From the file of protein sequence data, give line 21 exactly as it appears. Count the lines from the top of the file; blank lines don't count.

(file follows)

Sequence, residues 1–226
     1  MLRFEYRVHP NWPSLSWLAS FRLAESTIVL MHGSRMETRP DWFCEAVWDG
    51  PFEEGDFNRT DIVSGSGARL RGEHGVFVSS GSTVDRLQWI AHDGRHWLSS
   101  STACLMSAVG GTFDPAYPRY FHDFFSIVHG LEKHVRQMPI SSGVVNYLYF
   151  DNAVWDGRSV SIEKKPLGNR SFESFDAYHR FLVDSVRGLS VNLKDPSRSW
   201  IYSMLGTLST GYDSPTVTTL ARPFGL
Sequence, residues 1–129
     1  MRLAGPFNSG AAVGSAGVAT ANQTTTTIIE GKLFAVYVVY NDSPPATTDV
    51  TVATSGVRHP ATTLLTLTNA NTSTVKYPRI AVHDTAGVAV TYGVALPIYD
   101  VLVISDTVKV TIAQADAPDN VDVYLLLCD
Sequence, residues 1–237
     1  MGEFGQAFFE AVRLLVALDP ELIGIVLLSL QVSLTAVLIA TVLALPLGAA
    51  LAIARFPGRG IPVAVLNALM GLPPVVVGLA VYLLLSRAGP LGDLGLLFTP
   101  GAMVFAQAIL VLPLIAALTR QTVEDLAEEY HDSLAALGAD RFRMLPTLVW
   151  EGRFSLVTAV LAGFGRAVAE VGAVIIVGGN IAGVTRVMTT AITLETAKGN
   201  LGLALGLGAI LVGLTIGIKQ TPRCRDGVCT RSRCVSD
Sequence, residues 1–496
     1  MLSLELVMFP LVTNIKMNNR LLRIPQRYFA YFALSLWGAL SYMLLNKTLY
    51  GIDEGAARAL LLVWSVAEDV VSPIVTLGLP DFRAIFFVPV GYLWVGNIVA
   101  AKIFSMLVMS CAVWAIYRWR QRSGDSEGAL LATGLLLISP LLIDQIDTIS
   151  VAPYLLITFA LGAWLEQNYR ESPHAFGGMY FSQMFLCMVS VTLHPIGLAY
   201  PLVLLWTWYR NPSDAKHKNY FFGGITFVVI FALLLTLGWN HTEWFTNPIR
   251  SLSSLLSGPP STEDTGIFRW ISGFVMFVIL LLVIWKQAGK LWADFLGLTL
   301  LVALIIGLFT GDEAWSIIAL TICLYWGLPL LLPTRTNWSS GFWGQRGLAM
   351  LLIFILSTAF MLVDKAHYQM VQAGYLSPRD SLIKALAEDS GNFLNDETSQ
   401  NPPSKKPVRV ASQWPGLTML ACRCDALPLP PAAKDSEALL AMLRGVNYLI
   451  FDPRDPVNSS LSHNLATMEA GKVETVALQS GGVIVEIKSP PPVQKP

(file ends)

   151  VAPYLLITFA LGAWLEQNYR ESPHAFGGMY FSQMFLCMVS VTLHPIGLAY